Prorogue – How we do things in Canada.

Prorogue – How we do things in Canada.



  • transitive verb:
    1 : defer , postpone
    2 : to terminate a session of (as a British parliament) by royal prerogative
  • intransitive verb:
    to suspend or end a legislative session

Canada has been in the international headlines recently as Stephen Harper’s minority conservative government faces dissolution from a coalition of opposition parties.

The best overview I found is What Is Happening In Canada by yarnharlot.

To quickly summarize, a coalition government of the Liberals (center-left), the NDP (left-left) would become the government with a cabinet of about 2/3 Liberals, 1/3 NDP. The Bloc Quebecois (“devoted to both the protection of Quebec’s interests on a federal level as well as the promotion of its sovereignty”[1]) has agreed to support that government for 18 months.

Yarnharlot observed:

the Prime Minister has been rather aggressive, and instead of moderating his motions to the point where the opposition might vote for them anyway, he has instead taken to attaching a confidence motion to just about everything. This means that every time the house votes, they can either vote with him, or force an election. All last year, this strategy worked beautifully. The opposing parties (particularly the Liberals, who were having leadership troubles) didn’t want an election. Forcing the opposition to choose between forcing an election and agreeing with him rammed through a lot of legislation, but bred a lot of contempt. (Depending on whether you are a conservative or not, this strategy has alternately been called “being an aggressive parliamentarian who makes the most of the system” or “being a big fat bully”.)

It looks like this strategy has backfired. The opposition parties believe that the Conservatives haven’t done enough to address the economic crisis and are going to vote against the Conservatives, thus having a vote of no confidence. This is where it gets interesting…

Upon a vote of no confidence responsibility falls to the Governor General. The GG can either call an election (the last one was about 7 weeks ago – October 14th 2008) or ask the opposition to form a government.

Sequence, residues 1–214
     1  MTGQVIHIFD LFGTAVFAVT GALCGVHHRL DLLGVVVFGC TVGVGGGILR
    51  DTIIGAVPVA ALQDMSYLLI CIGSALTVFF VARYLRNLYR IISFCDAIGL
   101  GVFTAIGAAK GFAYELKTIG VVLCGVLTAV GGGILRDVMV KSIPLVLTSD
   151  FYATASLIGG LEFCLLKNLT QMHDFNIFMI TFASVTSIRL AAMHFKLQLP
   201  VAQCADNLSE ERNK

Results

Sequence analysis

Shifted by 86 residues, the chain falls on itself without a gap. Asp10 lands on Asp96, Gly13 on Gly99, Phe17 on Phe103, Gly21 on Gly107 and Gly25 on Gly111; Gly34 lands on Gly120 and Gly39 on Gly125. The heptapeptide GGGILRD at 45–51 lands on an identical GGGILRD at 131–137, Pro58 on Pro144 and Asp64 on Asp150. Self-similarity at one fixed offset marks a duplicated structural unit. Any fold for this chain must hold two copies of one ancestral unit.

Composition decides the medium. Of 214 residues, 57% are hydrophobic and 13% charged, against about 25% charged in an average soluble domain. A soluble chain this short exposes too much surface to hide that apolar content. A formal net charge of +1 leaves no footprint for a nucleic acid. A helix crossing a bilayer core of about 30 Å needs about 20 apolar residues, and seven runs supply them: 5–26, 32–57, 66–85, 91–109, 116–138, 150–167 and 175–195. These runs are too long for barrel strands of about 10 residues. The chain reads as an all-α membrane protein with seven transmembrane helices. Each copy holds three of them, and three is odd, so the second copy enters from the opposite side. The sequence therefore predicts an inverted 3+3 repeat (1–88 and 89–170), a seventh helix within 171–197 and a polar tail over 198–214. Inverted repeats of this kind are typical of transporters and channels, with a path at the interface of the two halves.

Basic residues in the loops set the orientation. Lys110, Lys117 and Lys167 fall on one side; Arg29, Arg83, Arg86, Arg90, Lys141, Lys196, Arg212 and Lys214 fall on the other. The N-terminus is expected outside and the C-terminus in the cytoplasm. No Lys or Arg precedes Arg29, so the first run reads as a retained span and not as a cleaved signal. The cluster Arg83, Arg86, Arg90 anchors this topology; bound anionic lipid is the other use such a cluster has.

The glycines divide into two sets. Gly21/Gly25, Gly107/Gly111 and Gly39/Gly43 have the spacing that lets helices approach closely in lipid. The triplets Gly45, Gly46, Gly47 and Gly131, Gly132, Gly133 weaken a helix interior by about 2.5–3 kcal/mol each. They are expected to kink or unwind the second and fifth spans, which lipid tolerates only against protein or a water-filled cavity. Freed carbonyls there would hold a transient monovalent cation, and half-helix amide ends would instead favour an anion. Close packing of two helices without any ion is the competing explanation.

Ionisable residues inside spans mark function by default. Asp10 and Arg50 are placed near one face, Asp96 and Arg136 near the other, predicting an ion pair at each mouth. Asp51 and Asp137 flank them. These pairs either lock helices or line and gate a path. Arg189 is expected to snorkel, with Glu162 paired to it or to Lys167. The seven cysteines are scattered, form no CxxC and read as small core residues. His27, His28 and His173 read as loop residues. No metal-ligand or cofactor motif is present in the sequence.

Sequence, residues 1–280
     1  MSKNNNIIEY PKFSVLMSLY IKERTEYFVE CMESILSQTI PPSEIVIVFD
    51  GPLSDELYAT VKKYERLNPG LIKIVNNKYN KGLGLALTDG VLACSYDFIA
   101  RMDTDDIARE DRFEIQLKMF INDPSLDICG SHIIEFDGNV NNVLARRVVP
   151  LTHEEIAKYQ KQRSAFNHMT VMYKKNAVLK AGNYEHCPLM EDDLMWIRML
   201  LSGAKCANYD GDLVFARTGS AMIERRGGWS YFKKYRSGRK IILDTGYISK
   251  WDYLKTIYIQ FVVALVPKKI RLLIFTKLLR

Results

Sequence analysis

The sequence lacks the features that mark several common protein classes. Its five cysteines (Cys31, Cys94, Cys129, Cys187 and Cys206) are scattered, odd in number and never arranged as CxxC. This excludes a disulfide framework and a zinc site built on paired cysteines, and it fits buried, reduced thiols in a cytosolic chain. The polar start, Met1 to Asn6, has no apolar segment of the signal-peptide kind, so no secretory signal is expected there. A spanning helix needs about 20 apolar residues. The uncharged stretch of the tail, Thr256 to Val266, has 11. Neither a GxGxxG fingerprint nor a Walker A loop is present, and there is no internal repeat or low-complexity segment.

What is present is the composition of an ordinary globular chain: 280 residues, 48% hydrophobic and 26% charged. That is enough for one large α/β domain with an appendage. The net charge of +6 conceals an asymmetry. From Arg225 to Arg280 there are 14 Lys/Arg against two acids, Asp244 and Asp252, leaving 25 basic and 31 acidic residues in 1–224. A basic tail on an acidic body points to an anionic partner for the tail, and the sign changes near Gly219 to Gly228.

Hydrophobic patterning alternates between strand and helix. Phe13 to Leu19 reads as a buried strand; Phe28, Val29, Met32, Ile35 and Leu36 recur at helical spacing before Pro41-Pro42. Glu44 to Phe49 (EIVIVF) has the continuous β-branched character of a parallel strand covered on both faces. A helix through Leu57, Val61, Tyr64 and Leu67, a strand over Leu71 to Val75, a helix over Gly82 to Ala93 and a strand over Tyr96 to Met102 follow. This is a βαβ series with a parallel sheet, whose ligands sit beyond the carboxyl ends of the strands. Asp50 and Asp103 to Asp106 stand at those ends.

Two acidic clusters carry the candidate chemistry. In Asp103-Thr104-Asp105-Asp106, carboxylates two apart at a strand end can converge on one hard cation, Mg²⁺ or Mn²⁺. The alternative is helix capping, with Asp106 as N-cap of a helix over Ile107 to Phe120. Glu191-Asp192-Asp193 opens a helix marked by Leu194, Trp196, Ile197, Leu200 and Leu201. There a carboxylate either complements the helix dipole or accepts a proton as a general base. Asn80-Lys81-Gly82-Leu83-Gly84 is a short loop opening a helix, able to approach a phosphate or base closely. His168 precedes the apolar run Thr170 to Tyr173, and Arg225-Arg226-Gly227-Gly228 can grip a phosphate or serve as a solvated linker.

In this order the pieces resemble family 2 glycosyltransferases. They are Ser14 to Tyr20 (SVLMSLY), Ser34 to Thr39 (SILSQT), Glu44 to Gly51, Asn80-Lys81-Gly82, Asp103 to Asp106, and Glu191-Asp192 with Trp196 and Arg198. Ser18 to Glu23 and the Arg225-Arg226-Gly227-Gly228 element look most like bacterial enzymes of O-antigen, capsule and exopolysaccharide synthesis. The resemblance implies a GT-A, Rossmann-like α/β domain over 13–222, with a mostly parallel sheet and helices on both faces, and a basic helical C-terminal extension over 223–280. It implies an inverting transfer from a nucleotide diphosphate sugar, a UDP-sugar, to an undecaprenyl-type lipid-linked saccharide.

But Harper had another option as well – ask the GG to prorogue parliament. This means parliament shuts down for a while. The GG decided to prorogue until January 26th.

I think this was a wise decision on the GG’s part. It allows her office some time to monitor public opinion over the next month or so and decide whether or not to favor a new election or the coalition’s government. In Harper’s favor, the coalition could break down during the time the parliament is prorogued.

The most realistic scenario is that at the first opportunity after parliament reconvenes, the Conservatives will be replaced by the coalition government. I doubt the GG will call a new election both because of the $300 million price tag during an economic crisis and because the results would be nearly the same (a Conservative minority).

Stay tuned for 2009, things should be interesting.

(Justin’s Note: In 2006, Gordon wrote about Canada in four great posts called:

Definitely try to check them out for even more insight into how Canadian politics works.)

  • Ken DeLuca

    But in the last 24 hours the political climate has gotten hotter for teh Liberal leader, Stephan Dion. Every Liberal noteable ( save one, Bob Rae ) has called for Dion’s immediate resignation and a quick leadership selection process ( within weeks ) to replace hom. Further editorials nationwide blame P.M. Harper for the crisis but advise Dion’s departure and abandoning of the coalition which has very little support among the people or even within the Liberal Party. ( ref> John Manley’s op ed piece in the Globe and Mail – The first Liberal step: Replace Dion )

    Political humourist Rick Mercer puts it this way: ”

    If this Parliament were a dog, it would be brought out behind the shed and shot. Rabid dogs aren’t prorogued, reformed or trusted……this great democracy of ours has ceased to function. We have no government because they just can’t get along. It is a mess that defies comprehension but has one simple solution.

    We need one more strange-bedfellows event: a historic press conference at which Stephen Harper and Stéphane Dion apologize to their country and then to their parties. And then they resign — no questions please.
    Because, quite frankly, they deserve one another — and Canada deserves better.”

    Hear, Hear!

  • John Rockefeller

    If an election happened tomorrow, the Conservatives would win by a landslide. Public opinion right now of the coalition parties is extremely low except die-hards and people who can’t admit to themselves that they’re finished.

    Mark my words, Bob Rae is using Stephane Dion’s inability to lead as a springboard to attempt the big chair in the national office.

  • Nicole

    I have an important question that everyone here should be asking.

    – I can’t seem to find the right answer to especially with Harper being in a prorogued minority Government.

    I was wondering- what happens in an emergency during a government shutdown? does the parliament get recalled or Harper decide’s what he wants like let’s say – martial law?

  • Braydon Rohan

    There has been a vast change in canada.There has been change in all the sectors.In real estate deals foreclosures are increasing in canada.